This Government are committed to tackling poverty and social exclusion and we are not prepared to let that happen. We are taking action. We will establish a guaranteed minimum income for pensioners. So, for the poorest pensioners, we are increasing their income by three times the increase in income support that they would have received had we awarded only the usual price uprating. For 1.5 million of the poorest pensioners, this is the biggest single increase they have ever had.

For the first time, all pensioners will have a guaranteed minimum income of not less than £75 a week. For the first time, pensioner couples are guaranteed a minimum income of £116.60. The oldest pensioners will get even more.

There are some pensioners who are even poorer than those on income support. They are some of the very poorest people in Britain. They are the pensioners who are entitled to income support, but are not getting it; those who are slipping through the safety net altogether--the forgotten pensioners. This is not a marginal issue involving just a few slipping through the net. We estimate there are as many as 1 million of these forgotten pensioners. They are mostly very elderly, and nearly all women. Now we are taking action to bring the guaranteed minimum income to them, too.

Starting from next April, we will be introducing, for the first time, a new national programme of personal advisers for pensioners. We have already set up, and are running, nine pilot projects to help us shape this new service. Through new technology, we will for the first time use the information that pensioners have already given us throughout their lives. We will match the data that we already hold on their personal records in the Contributions Agency, the Benefits Agency and the local authority records to identify those who are likely to be over pension age, entitled to income support and not receiving it.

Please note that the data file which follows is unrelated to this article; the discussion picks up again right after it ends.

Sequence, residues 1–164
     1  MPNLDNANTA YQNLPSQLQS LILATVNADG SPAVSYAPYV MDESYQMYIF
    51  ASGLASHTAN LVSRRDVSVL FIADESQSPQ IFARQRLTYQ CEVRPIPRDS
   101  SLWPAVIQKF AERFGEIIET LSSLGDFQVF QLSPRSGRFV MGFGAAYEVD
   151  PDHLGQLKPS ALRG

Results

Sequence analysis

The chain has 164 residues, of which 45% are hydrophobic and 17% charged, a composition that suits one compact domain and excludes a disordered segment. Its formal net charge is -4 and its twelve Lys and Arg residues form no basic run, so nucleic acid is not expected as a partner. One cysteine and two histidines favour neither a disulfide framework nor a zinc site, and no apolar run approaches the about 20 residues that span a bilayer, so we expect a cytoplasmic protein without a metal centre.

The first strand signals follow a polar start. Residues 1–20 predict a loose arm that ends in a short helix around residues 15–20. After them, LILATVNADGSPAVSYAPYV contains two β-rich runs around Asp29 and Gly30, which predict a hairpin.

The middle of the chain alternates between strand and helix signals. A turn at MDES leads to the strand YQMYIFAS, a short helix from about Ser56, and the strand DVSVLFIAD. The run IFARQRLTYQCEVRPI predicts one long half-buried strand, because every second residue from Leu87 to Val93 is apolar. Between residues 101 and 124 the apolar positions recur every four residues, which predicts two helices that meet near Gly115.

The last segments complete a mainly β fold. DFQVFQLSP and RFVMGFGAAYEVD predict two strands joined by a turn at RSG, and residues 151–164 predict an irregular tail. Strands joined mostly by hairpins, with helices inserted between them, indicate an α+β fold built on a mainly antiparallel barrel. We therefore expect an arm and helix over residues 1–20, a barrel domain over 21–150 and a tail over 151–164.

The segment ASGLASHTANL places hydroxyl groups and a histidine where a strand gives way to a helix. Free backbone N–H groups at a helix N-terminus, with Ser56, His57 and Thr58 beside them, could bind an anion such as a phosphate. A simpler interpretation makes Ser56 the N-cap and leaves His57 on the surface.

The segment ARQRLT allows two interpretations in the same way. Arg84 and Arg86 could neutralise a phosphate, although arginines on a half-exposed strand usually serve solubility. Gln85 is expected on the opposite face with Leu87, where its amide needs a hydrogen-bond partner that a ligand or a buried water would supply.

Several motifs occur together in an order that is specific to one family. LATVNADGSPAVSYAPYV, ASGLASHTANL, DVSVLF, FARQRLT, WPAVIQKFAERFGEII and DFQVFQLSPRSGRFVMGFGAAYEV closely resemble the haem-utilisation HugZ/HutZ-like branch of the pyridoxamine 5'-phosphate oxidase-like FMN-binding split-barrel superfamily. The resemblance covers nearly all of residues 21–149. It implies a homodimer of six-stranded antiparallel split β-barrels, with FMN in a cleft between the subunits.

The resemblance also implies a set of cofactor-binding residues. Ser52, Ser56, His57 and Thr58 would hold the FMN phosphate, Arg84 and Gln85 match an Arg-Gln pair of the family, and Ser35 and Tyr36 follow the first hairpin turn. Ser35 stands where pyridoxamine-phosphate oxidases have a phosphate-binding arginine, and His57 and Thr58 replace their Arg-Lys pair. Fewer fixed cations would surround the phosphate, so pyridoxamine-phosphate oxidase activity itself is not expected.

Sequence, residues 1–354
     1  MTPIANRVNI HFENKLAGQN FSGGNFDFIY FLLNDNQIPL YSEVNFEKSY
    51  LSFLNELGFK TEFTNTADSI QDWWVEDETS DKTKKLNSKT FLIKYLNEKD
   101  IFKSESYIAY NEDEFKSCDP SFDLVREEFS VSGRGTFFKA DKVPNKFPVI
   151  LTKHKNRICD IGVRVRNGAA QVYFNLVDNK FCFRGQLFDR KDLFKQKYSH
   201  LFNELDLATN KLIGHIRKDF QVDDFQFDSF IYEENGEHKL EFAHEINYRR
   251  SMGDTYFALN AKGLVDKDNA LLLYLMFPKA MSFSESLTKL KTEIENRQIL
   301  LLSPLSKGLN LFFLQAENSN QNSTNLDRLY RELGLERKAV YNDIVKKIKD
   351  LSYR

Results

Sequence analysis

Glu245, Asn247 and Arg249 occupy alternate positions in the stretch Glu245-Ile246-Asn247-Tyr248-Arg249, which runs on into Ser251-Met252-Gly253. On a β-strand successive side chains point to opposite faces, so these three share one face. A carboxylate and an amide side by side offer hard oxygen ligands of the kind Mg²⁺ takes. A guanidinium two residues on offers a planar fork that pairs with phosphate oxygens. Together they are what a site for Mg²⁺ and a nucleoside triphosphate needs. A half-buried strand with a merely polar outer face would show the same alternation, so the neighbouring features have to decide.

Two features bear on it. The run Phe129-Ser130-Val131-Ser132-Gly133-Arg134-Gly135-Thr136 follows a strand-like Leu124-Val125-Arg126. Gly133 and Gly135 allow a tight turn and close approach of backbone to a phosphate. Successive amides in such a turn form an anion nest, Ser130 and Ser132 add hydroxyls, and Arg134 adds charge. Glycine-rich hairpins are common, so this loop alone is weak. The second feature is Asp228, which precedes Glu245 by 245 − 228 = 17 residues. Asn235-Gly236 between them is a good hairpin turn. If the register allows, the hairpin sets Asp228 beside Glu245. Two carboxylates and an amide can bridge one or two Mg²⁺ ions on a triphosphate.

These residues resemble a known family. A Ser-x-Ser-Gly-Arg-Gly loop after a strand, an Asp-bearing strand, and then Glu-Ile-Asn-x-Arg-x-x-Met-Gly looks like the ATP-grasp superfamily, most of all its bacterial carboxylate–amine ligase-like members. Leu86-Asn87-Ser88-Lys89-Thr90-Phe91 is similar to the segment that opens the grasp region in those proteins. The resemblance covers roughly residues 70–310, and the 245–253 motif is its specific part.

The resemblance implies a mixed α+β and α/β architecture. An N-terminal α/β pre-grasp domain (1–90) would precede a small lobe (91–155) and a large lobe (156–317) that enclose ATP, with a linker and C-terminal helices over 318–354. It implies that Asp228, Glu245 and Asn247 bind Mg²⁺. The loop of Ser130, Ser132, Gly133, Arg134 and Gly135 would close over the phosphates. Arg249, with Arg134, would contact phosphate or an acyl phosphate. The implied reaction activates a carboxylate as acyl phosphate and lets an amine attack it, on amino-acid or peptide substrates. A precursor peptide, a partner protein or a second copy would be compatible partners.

The pensioner will then be contacted by the personal adviser, who, over the telephone or through a visit, will assess their entitlement, and then fill in the forms for them. All that pensioners will have do is sign, and their extra money will come through the following week.

Yesterday, I visited one of the pilot projects in Torfaen in Wales and met some of the pensioners who had already been helped. The pensioners were all absolutely clear about two things. First, the extra money, even where it was only a small amount, meant a great deal to them. It is desperately needed. Secondly, without the personal

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contact, there would have been absolutely no chance of their getting the money. It is right that we are taking this service nationwide. It will begin to tackle the hidden problem of pensioner poverty.

Today, my announcement marks a major modernisation of the pensions system. We have been able to deliver real help for pensioners within a social security budget that is set to grow more slowly in this Parliament than it did in the last, to take a lower share of gross domestic product, and to take a lower share of public spending as a whole. It is part of our pensions reform and marks a new approach to tackling the problem of pensioner poverty and inequality.

We promised to reform the welfare state around work for those who can work. We have made progress on that. We promised security for whose who cannot work. Today we make progress on that too. This marks a major step forward in our determination to deliver security and dignity in retirement for all.